“We never had a deal,” Ms. Masten said, adding that Wal-Mart remains interested in opening stores in New York City. “In fact, we continue to explore a number of possible sites throughout the five boroughs,” she said. “Until we have an executed agreement for a specific site, we will not comment on any ongoing negotiations.”
Ms. Masten declined to say whether Vornado had dropped Wal-Mart from the project or whether Wal-Mart had pulled out voluntarily. Wal-Mart’s opponents said that Vornado might have been swayed in part by a unanimous vote of the City Council’s Land Use Committee two weeks ago to block a B.J.’s Wholesale Club in the Bronx. In the face of intense lobbying by environmental, community and labor groups, the committee overruled the local planning board and the borough president.
Several shoppers interviewed yesterday in Rego Park said they were disappointed that a Wal-Mart would not be coming to the neighborhood, noting that many Queens residents now travel to Long Island to take advantage of the store’s low prices.
“It would’ve been good if we had a Wal-Mart nearby because then we wouldn’t have to travel outside the area,” said Rolando Sands, 21, a soft drink deliverer from Jamaica, Queens. “We’d be able to keep the money in the Queens community instead of Long Island.”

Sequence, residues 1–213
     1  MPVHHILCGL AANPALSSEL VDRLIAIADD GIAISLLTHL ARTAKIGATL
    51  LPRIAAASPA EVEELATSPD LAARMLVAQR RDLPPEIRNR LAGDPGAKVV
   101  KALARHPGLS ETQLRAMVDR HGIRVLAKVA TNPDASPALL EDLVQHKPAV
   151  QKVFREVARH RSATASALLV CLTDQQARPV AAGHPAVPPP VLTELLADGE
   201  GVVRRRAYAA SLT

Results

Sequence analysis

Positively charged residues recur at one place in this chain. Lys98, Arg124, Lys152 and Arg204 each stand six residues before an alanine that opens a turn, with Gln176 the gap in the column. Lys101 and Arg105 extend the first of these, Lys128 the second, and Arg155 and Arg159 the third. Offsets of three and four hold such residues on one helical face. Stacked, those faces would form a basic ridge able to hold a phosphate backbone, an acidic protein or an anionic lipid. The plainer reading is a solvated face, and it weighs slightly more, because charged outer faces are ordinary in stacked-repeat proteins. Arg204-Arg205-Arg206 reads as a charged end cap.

Corinth King, 45, a traffic enforcement agent from Rego Park, said she had been looking forward to the store’s variety. “They have a lot of good sales,” she said. “I like it for things for the bathroom and the kitchen. They have a wide variety. I’m going to miss it.”
But shoppers did not form an organized group to support Wal-Mart.
Helen Sears, the City Council member representing Rego Park, had warned Wal-Mart, which has several stores in the suburbs surrounding the city, that to win approval in the city itself, it needed to improve its wages, health benefits and pensions and end its vehement stance against unions.
“I am hopeful that if Wal-Mart attempts to locate another site, whether in Queens or Brooklyn, the Bronx, Manhattan or Staten Island, that its officials work tirelessly to improve workplace benefits and conditions so that New York City will welcome it with open arms,” Ms. Sears said. “Until then, we can only offer our backs.”
Small-business owners had voiced fears that opening a Wal-Mart in Queens would push hardware stores, shoe stores and many clothing shops out of business, as has been the case in many small towns where Wal-Mart is dominant. Company officials said the store would bring low prices to New Yorkers and would create more than 300 jobs.
City Hall officials declined yesterday to discuss the Wal-Mart matter. Mayor Michael R. Bloomberg appeared at first to back the project, saying that it was wrong to simply say that warehouse-type stores should not be allowed in the city. But his aides later said that it was not at all clear that he would ultimately support the project.
Charles V. Bagli and Colin Moynihan contributed reporting for this article.
© 2005 The New York Times